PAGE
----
Day 1 – Colorado Springs to Steamboat Springs.

Ural packed and ready to go.

I woke way too early from a fitful night of sleep. Too many nightmares about seized con-rod bearings, or bent valves. The last three days before a big trip seem to get sucked into a crazy vortex of manic double-checking and last-minute worries. I must have checked oil levels and spare parts three times before I finally left it alone. Lola, on the other hand was still fast asleep without the knowledge of the days that lay ahead for her.

After several cups of strong chicory coffee while giving everything the once-over, it was really time to leave.  I gave Kait a big hug and kiss, patted our other dog (Rory) a couple times, and heaved on the Ural’s kick-starter. With a faint ‘doff-doff-doff’ we idled out of the driveway, and down the road to the start of our great adventure.

Stopped north of Woodland Park, CO to gas up.  I scarfed a quick continental breakfast of more coffee and a few donuts while Lola looked on, earnestly hoping I’d drop one.  She let out of quiet whimper when I finished the last donut without any of it ending up in her mouth.  “If you had a job and paid rent, I’d probably give you one” I told her.  She gave me a look, as if to say “Hey man, I don’t have THUMBS!”.  Touche.

Rt 9 out of Woodland Park.

Rt 9 out of Woodland Park.

West of Woodland Park, things open up a bit on Rt 9.  High mountain plains, with ever-distant peaks.  Reminded me a lot of Montana in many places through here.  The temperature was perfect, and the Ural held a steady pace at 55mph. The valves clicking softly in the breeze.

We headed north towards Breckinridge and Silverthorne.  The mountain peaks became sharper, the valleys narrower.  On some grades, I was reduced to 30-35mph.  Rather than wring the engine for everything it had to try and get one gear higher, or 5mph faster, I was very happy to just let it purr along.

I did find a few trucks and RV’s stacked up behind me, and I smiled deviously.  For all the previous times campers, or trucks towing RV megahomes had held me up on my motorcycles on twisty mountain passes, I felt now that I could finally return the feeling to them in full.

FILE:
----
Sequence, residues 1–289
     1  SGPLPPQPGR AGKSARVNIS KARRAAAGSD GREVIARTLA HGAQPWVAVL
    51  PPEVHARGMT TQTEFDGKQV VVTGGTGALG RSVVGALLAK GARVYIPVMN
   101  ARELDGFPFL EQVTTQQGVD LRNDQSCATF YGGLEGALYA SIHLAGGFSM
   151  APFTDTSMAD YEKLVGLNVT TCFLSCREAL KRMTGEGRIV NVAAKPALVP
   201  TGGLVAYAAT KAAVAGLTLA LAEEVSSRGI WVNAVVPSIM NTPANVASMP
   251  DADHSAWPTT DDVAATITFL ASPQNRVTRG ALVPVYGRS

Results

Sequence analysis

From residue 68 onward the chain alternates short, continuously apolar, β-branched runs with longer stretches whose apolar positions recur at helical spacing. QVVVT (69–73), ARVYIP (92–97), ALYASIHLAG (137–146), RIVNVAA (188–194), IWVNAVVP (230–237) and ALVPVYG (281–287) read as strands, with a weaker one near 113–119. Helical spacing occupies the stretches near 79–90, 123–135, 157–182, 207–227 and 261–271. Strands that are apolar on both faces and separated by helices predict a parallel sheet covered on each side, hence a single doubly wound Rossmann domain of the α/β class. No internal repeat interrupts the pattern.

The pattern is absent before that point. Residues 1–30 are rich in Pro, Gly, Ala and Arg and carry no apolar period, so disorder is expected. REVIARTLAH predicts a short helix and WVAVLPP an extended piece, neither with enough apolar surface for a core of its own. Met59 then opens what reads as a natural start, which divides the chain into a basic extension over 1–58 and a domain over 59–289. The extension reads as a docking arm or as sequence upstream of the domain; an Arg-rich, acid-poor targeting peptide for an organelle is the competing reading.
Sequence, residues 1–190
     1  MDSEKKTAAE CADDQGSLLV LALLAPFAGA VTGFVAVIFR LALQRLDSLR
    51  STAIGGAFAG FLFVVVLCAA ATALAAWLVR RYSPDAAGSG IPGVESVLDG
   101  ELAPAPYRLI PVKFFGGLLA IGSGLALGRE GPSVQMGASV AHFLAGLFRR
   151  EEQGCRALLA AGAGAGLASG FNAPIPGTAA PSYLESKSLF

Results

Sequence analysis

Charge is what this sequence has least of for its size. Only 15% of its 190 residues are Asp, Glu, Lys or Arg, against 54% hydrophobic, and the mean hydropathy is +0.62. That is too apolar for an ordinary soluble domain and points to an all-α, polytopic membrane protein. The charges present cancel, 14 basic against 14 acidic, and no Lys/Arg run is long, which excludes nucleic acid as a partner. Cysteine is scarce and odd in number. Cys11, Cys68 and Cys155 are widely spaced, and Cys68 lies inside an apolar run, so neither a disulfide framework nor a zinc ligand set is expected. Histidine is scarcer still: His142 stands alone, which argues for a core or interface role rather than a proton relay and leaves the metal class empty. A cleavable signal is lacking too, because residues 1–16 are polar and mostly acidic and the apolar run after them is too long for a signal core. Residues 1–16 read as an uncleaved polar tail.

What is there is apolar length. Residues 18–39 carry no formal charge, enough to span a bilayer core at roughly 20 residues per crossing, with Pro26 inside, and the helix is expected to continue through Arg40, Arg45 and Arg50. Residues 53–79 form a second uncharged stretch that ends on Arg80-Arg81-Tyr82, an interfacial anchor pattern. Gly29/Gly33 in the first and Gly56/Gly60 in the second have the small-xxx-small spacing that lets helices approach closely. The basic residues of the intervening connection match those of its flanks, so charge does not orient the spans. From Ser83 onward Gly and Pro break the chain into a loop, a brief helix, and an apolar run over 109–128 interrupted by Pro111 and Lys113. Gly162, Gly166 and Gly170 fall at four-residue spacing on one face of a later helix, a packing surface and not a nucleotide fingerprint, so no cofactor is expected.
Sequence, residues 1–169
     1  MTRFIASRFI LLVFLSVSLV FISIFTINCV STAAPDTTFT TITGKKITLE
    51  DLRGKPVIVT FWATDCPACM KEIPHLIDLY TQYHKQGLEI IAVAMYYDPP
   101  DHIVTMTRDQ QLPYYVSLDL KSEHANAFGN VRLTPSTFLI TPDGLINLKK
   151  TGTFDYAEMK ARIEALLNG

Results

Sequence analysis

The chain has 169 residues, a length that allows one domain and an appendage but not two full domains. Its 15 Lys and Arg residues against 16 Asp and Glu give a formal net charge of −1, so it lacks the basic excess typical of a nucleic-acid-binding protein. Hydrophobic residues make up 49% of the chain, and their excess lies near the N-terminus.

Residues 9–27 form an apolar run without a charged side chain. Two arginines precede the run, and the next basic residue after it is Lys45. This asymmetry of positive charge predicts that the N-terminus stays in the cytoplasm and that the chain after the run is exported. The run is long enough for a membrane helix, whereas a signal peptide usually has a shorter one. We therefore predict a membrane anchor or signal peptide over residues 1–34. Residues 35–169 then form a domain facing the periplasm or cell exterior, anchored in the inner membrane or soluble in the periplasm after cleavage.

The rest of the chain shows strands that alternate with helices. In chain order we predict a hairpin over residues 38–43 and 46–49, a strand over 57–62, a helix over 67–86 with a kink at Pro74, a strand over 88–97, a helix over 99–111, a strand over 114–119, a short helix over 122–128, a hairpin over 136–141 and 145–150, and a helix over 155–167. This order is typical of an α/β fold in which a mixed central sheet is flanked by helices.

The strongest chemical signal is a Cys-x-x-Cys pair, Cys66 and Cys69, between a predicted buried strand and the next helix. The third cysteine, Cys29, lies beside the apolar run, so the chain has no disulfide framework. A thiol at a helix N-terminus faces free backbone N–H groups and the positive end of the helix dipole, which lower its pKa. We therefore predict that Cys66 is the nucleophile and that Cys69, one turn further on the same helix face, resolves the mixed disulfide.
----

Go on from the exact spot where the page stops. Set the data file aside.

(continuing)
I passed quickly through Breckinridge and Silverthorne without stopping.  Flush with tourists and guests for the fourth-of-july weekend, both towns seemed to be bursting at the seams as I rode through.  Throngs of people of all ages, races and creeds wandered around with fanny packs, cameras and “Colorful Colorado!” t-shirts.

Don’t get me wrong, I’m happy to see so many people enjoying our fine state.  I just prefer to enjoy it somewhere with less people.  While the British may be great at “queuing”, Americans seem to loose IQ points the longer they are standing in line with each other.  Rude behavior, harsh words and sometimes even fisticuffs are usually the result when the line is long enough.

After gassing up in Kremmling and chatting with two riders on their way back to New York, we rode Rt 40 northwest out of town. The sharp peaks and narrow valleys opened up into rolling hills, and green plateaus of cattle festooned National Forest land. Right at 55mph, the Ural was tuned spot-on for the undulating roads,

I didn’t have to downshift until I approached Muddy Pass on Rt 40, outside Steamboat Springs. The road wound up the mountain slowly, and I chugged along at 40 mph with a slow even rhythm. The Ural is oblivious to throttle input at certain grades. No matter how much you twist the throttle, it simply won’t go any faster.

Meadows Campground

With the sun low in the western sky, and Steamboat Springs on the other side of the pass, we stopped for the day.  Only 7$ for the night, I paid the “honor system” campground fee, and picked a spot as far away from the generator-run tow-behind trailers as I could.  Shortly after I set everything up, a big one pulled up into a spot right next to me.  Oh well.

After a day of new towns and places to poop, Lola was in good spirits.  I do keep her off leash most of the time (outside city limits) and she seemed pretty happy to be in the country.

Hard to believe on a rafting trip years ago, we fit two humans AND two large dogs in this tent.  Sleeps a man and his dog very comfortably though.  Note how Lola always sleeps with her head facing my feet.  This is so she can use her aging digestive system, to fart in my face all night long.

Total Mileage: 202 miles

1 Comment

  1. Wonderful trip you had and very well written. I am on a slightly longer trek. Drove from mass-el Paso TX. But from there we headed up into la cruces to see white sands national monument. Amazing. Rolled in the baby powder dunes like a child in first snow. Next Nancy and I chose to head into Jemez to see the 1590’s ruins from Spanish attacks on a local church. Beautiful history with a well educated sire manager. Drove up rt 4 north through Jemez. At mile marker 24 pull off on right is a signless pull off leading to 2800 ft high 100degree natural naked hot springs. It was liberating. Then followed rt 4 through the mountains to Espanola. Where I bought my dream Tony Lama cowboy boots. We then traveled rt 68-64-25 north. All heavy mtn. Steep, dangerous, beautiful beyond belief. Now we are on rt 25 in Walsenburg Colorado. We are heading rt 69, to 291, to 24 then make right to follow rt 70 back over and into Denver. We will hit the mount Princeton hot springs and mineral hot springs. Any tips on this route we are doing. Its very close to your south Colorado leg.

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